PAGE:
Joey Alexander

Born in the city of Denpasar on the island of Bali in Indonesia in June of 2003, Joey Alexander encountered a keyboard at the age of six and immediately began picking out the melody of Thelonious Monk’s “Well, You Needn’t” by ear. His father, an amateur musician with a huge passion for jazz, was astonished. He soon discovered his boy not only could pick up virtually any jazz composition by ear, he also had an impeccable sense of swing, and a gift for improvising that was near par to the records that he was learning from, and truly uncanny for a boy of his slight years.

As there was no jazz education available in Denpasar, Joey’s first jazz training came from sitting in on an informal jam sessions with local and visiting professionals in Bali. “He did study classical music,” explains his father “but what he really loved was to swing.”

Joey’s musical intuition further flourished and eventually, his parents moved to Jakarta so he would have a chance to expand his horizons by studying and playing with professionals. By 2011, Joey had been featured at the Jakarta International Jazz Festival, and was included in a UNESCO jazz event organized by Herbie Hancock, who gave the budding musician an enthusiastic thumbs up. In 2013, he entered and won the Master Jam Fest improvisation contest of Jazz in Odessa Festival in Ukraine, triumphing over 43 adult jazz professionals from 17 countries. By this time it was clear to his parents that Joey was destined for a career in jazz. In 2014 Wynton Marsalis ‘discovered’ Joey performing in Jakarta, and flew him in to New York City to participate in his all-star Jazz At Lincoln Center Gala, MC’d by Billy Crystal. Joey wowed the jazz stars and audience alike with his soulful and sophisticated arrangement of Round Midnight. He got a huge ovation and was later written up in Downbeat as ‘a genius,.’ Joey also performed for President Clinton and other luminaries at the Arthur Ashe Foundation Gala.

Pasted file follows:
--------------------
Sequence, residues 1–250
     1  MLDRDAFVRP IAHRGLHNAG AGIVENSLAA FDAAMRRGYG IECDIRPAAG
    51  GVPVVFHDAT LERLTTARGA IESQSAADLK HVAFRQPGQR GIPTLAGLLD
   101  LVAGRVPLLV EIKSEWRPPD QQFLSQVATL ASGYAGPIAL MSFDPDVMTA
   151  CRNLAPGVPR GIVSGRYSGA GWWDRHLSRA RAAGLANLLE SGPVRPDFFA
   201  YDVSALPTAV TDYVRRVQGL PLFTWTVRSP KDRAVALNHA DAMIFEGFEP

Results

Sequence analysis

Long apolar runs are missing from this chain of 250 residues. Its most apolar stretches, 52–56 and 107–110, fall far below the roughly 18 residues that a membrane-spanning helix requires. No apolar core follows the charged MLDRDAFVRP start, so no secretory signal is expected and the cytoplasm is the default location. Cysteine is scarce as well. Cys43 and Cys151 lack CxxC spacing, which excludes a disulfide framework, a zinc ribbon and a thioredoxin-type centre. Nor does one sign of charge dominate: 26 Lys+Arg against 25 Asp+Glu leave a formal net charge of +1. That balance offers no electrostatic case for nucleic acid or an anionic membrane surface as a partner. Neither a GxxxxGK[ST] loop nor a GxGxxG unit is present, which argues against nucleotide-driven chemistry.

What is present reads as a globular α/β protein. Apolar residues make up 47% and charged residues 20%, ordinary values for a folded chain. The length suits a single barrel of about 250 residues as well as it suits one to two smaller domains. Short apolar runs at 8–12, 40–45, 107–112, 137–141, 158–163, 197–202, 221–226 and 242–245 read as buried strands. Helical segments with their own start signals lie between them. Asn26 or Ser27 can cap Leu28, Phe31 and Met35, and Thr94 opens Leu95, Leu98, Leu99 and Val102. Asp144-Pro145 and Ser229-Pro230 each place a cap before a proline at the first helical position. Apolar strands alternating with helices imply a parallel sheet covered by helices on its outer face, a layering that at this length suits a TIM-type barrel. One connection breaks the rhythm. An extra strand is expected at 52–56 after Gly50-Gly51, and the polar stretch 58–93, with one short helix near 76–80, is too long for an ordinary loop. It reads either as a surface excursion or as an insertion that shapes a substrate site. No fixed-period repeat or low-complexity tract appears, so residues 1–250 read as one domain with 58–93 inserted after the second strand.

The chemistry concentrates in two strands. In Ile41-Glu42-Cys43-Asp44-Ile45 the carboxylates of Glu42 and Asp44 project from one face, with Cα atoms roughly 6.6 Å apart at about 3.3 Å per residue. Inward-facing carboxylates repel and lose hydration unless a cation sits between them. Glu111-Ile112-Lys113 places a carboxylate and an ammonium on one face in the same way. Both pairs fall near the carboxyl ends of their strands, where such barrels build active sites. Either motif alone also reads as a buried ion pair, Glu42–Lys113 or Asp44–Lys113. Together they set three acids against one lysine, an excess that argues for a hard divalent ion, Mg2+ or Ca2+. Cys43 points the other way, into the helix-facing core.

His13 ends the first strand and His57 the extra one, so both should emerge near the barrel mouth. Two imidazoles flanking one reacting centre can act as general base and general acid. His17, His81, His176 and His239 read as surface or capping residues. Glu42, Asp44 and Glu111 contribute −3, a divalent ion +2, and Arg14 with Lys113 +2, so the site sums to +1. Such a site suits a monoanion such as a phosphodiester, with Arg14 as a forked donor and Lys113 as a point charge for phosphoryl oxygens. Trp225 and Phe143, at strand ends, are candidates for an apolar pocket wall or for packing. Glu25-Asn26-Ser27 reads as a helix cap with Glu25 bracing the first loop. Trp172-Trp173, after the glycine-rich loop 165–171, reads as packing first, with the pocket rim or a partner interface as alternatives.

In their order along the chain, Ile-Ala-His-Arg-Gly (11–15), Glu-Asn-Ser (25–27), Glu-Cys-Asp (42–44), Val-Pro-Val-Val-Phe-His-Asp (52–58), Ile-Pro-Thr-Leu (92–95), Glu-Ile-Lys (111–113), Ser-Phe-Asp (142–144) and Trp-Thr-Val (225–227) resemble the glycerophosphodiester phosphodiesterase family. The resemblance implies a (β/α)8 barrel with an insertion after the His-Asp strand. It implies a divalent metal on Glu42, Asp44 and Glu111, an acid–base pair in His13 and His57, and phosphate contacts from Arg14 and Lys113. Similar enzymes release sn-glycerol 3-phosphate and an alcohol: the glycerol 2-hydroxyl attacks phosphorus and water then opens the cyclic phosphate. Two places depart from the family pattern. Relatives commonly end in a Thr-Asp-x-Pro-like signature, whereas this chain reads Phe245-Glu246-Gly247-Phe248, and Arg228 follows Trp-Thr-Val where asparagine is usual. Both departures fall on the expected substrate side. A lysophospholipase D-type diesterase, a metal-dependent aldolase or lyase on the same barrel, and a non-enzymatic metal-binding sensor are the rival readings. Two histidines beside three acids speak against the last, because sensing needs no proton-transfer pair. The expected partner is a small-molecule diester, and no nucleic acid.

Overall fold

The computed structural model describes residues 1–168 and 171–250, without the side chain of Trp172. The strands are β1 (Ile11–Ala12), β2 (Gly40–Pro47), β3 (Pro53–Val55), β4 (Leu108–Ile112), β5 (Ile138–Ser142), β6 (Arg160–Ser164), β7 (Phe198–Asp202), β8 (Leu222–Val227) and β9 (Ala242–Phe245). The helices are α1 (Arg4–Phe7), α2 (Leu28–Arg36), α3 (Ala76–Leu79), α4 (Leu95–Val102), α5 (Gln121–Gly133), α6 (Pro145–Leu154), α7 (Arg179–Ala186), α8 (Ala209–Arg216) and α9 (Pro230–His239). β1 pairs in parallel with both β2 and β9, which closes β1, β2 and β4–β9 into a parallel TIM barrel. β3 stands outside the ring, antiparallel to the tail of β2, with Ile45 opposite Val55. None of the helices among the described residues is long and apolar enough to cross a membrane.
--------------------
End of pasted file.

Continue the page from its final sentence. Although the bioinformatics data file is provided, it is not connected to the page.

It was Grammy Award winning producer Jason Olaine who took Joey under his wing, introduced him to Motema Music and jazz patron Daniel Pincus and spearheaded the collaboration to apply for an O1 Visa (for individuals of Extraordinary Ability) for Joey. As further proof of the validity of Joey’s quest, the visa was granted in record time… and just in time to make it possible for Joey to play at The Apollo theater in honor of Herbie Hancock at the star-studded Jazz Foundation of America Gala in October of 2014 where he got yet another enthusiastic ovation, more press accolades and a priceless show of support from Hancock who was stunned by Joey’s musical sophistication.

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